Sunday, 26 February 2017

The Severed Land by Maurice Gee: Book Review

This gripping, page-turning fantasy adventure follows a dangerous quest through a divided world.

From the high reaches of a tree, Fliss watches the soldiers attempting yet again to break through the invisible wall. Amid the explosions, a drummer boy tries to escape. As he is about to be shot, Fliss reaches through the wall and pulls him to safety. But Fliss is dismayed to find she has saved an overfed rich boy. She is even more dismayed to learn that she must accompany him back through the wall on a special mission to rescue the Nightingale.

The world they have to travel through is a perilous one, full of predatory thieves, slave masters, beggars, dippers, mudlarks, drain-sliders, spies and wall-men. It is a world where the ruling families are caught up in a lethal power struggle.

Will Fliss and the despised drummer boy learn to trust each other? Who is the Nightingale? And will they all make it back alive?


To read a novel that was clearly young adult but set in a fantasy world based in an olden-day time of slavery was slightly unnerving, if I’m being completely honest. I was absolutely certain that reading this story with the protagonist being considered a slave for the fact that her skin is black would set me in an uncomfortable ease the whole way through; unfortunately that feeling stuck and made it hard for me to really try and see past the discrimination. Maurice Gee is a well-known New Zealand based author who has written titles such as Under The Mountain and the Salt trilogy and has won multiple literary awards for his writing. I have never read his work before this so I had no clue as to what I would be immersing myself in. I received The Severed Land from Penguin Random House as a uniquely wrapped package – the book itself was wrapped within a blown up poster print of the map inside the book, a brief message from the author explaining his writing hiatus, and everything was tied up in a twine bow.

One thing I felt I could relate to was the character of Fliss with her fiery personality and confidence. She has spent three years on the safe side of the wall that divides the land to keep the Families of the south out - the two most powerful being the Despiners and the Morisettes. The northern side of the wall is filled with natives of the land who have never known slavery and the People of the forest who sacrificed their lives to create this wall to keep them safe and out of reach. Fliss had escaped slavery from the south, spending many days and nights scavenging for food and safe places to hide while she fled towards her new home. Fliss has learnt to value herself through love, acceptance, and the knowledge that she is stronger and smarter than anyone may think of her. When she meets this drummer boy, Kirt, who is arrogant and simple-minded, nothing hateful he says seems to offend her and this becomes the starting point of character development between these two characters.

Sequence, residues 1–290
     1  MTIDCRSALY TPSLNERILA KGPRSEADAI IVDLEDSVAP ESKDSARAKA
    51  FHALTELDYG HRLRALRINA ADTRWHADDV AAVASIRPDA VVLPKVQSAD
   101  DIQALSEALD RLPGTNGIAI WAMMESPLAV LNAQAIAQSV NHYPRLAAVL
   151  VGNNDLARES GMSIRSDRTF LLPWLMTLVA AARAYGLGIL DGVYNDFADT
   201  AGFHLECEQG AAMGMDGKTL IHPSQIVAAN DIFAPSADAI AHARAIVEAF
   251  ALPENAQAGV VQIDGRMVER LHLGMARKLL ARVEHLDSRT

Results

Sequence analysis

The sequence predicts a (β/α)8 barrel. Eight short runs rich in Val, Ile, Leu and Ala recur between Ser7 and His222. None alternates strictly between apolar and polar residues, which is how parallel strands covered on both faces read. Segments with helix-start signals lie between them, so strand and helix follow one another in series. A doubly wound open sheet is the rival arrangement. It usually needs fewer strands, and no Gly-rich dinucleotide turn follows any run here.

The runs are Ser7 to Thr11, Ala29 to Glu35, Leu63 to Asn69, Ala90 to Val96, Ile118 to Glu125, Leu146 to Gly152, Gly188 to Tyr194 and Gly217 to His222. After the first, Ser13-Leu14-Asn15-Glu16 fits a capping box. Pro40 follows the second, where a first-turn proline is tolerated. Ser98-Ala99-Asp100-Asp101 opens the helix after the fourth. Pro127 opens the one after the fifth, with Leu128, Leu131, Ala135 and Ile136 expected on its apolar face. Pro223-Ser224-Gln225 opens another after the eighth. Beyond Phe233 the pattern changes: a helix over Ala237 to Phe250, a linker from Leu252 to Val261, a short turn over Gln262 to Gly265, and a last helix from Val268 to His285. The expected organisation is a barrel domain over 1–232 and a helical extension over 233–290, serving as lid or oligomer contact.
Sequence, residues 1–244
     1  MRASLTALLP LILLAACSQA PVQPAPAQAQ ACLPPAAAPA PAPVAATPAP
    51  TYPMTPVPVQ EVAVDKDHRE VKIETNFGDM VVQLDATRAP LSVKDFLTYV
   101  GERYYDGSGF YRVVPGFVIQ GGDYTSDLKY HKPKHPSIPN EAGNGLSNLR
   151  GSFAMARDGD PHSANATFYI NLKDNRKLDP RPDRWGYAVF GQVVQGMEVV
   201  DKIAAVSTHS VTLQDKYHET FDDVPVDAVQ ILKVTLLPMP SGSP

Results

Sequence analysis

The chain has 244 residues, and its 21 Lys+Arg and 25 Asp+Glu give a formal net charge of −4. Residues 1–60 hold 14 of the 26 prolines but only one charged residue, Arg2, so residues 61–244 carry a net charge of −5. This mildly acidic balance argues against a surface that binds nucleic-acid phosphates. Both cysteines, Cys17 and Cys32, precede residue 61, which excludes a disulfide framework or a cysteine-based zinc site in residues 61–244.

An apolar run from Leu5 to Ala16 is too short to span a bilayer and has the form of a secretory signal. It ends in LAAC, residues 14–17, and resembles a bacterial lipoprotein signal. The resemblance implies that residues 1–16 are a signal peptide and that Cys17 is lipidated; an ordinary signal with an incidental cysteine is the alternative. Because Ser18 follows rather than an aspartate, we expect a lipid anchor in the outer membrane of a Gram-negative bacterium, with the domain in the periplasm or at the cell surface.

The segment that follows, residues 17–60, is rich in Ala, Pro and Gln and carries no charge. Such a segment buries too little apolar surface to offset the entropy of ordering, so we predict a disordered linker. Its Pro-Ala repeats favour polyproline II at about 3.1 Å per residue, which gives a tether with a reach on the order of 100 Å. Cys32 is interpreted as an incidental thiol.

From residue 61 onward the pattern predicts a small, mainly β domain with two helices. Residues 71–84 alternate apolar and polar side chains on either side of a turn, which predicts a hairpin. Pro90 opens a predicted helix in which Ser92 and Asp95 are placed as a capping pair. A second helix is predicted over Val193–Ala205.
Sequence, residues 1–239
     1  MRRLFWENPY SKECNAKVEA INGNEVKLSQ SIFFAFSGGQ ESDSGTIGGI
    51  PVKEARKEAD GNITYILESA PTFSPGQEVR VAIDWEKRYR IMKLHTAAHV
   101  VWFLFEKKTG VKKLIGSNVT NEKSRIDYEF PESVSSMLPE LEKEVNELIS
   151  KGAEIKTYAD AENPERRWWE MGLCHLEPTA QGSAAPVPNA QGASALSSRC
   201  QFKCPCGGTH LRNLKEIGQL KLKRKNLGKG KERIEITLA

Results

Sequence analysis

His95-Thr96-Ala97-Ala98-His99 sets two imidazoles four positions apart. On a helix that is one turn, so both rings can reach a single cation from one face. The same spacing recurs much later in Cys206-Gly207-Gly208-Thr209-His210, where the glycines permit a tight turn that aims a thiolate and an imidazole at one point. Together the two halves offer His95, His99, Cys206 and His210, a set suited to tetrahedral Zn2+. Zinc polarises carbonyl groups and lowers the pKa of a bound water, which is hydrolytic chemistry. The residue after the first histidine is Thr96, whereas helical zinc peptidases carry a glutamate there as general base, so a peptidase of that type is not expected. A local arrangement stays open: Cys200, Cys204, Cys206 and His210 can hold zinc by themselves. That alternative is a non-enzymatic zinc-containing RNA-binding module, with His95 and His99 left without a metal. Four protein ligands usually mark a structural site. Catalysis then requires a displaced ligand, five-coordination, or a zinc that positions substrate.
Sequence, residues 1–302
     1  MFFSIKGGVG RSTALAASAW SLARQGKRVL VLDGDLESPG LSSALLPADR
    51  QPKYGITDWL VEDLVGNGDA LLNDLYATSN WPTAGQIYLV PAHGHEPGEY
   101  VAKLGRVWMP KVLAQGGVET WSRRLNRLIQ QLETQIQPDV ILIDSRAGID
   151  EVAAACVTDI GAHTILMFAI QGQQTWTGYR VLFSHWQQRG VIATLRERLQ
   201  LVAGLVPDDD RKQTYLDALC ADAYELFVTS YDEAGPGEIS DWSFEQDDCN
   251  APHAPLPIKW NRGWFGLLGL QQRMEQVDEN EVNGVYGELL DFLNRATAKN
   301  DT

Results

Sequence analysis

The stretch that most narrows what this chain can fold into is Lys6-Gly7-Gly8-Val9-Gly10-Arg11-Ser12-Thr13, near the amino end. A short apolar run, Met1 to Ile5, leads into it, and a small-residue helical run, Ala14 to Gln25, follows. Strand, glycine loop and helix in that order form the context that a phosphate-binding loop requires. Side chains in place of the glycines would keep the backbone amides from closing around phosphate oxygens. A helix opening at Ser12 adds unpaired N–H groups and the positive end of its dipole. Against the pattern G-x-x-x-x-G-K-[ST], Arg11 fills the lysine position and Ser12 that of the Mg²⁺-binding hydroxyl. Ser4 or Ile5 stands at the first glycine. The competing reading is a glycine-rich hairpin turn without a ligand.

Other than the parts that slightly bothered me, all the grammar, punctuation, and style of writing was absolutely impeccable. This was clearly set in a time where cannons and swords were still being used as a form of attack and defence within their army’s. It definitely felt like a novel that would appeal more to those that take interest in old-fashioned stories or people of an older age – being a YA novel was clearly due to Fliss being of a young age, though considering the opinions of todays readers–specifically in the USA–this novel may not be such a hit with many who have previously felt targeted by skin colour and ethnicity, religion or culture, and mental or physical disabilities. I have seen personally how much of the book community has reacted recently to a few books where authors have only made the mistake of not including or accidentally discriminating against someone for something so obvious and hurtful. As much as it bothers me to say, I don’t think this book would go down well with many readers like myself and therefore would suit maybe an older, more mature audience that might be able to take this story with knowledge and acceptance that times like those have been and gone. For generations of people who have grown up without the old European mentality that being different is wrong, this novel would not exactly fit well within many of our expectations and I personally don’t want to feel like I want to have to bring down a NZ author anymore than I need to. This has not biased me towards Maurice Gee’s other works; I’d still like to check out his other stand-alone novels and series’. All I can say for The Severed Land is that I honestly feel like I cannot promote it anymore than what I feel I should and being a kiwi myself it feels almost wrong to be so brutally honest, but I hate the idea of lying and going against the grain of my community.

I have given this book a two out of five stars because it at least deserves to be noted as a book that has been written by an author who clearly knows his way around literature and art. It truly is a masterpiece of words but not so much considering his targeted audience - he may have had better luck with an older audience, I really hope so.
So without any other random and unnecessary chatter, I will end with this gif and leave this terribly short review to simmer away slowly into the depths of the internet.

Thank you Penguin NZ for the review copy

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Buy it on the Penguin Random House NZ website HERE

My Spotify Playlist for

The Severed Land

(This was my small effort - I tried, guys! I really did!)

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